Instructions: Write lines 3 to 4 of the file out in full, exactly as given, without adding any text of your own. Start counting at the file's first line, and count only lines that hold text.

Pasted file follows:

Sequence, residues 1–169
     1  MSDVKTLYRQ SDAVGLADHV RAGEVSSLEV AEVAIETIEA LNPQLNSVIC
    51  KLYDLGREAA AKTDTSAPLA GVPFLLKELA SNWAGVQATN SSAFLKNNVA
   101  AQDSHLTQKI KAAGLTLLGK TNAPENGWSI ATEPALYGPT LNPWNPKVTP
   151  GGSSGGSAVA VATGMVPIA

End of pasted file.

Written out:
    51  KLYDLGREAA AKTDTSAPLA GVPFLLKELA SNWAGVQATN SSAFLKNNVA
   101  AQDSHLTQKI KAAGLTLLGK TNAPENGWSI ATEPALYGPT LNPWNPKVTP